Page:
The elasmobranches did not pursue the development of a device resembling a lung and their physiology does not allow them- as a rule – to leave saline waters. They are forever restricted to the oceans, to which they are beautifully adapted, although some of them have adapted to life in big lakes (e.g. the sharks living in the Atitlan Lake of Guatemala) and rivers. Whereas primitive bony fishes developed a rudimentary lung that could be – and was in teleosteans – transformed into a buoyancy device, the elasmobranches never developed such a buoyancy device. As a result, modern sharks are generally obliged to keep swimming all the time, under penalty of sinking. In fact, some species store air in their stomach, while others use the oil of their liver as ballast.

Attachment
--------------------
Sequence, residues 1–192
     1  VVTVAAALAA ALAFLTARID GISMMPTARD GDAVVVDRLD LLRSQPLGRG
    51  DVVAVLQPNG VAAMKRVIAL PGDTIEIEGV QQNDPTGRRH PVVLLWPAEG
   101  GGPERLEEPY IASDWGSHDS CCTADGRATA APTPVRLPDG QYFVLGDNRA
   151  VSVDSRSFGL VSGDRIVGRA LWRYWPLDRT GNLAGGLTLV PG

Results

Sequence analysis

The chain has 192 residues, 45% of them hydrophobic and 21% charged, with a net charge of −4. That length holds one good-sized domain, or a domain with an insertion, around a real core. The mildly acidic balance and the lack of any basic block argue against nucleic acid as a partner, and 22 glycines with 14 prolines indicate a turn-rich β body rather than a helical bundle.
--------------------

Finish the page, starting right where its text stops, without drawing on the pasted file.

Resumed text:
The first group of elasmobranches, i.e. the xenacanths, appeared about 400 million years ago, during the Devonian, in saline waters. They adapted to fresh water, which allowed them to survive the first great mass extinction, at the beginning of the Trias. They disappeared 40 million years later, at the end of the Trias. The hybodonts appeared 365 million years ago, also in saline waters, and also adapted to fresh water, which allowed them to survive the permio-triassic crisis and become the dominant fishes in the fresh and saline waters of the Trias. They declined in the oceans during the Jurassic, due to the competition of modern sharks. These neoselaceans are strong and swift animals able to chase and catch their prey instead of ambushing them. Only those species of hybodonts that fed on ammonites survived in saline waters. They continued to do well in fresh waters, despite the competition of the neoselaceans, also because their teeth adapted to crunch hard shells.